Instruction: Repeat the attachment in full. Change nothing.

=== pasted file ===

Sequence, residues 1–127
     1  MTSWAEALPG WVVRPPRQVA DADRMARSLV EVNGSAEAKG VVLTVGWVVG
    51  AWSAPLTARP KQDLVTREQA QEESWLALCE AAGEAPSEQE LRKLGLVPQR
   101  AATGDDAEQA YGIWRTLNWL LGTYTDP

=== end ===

Sequence, residues 1–127
     1  MTSWAEALPG WVVRPPRQVA DADRMARSLV EVNGSAEAKG VVLTVGWVVG
    51  AWSAPLTARP KQDLVTREQA QEESWLALCE AAGEAPSEQE LRKLGLVPQR
   101  AATGDDAEQA YGIWRTLNWL LGTYTDP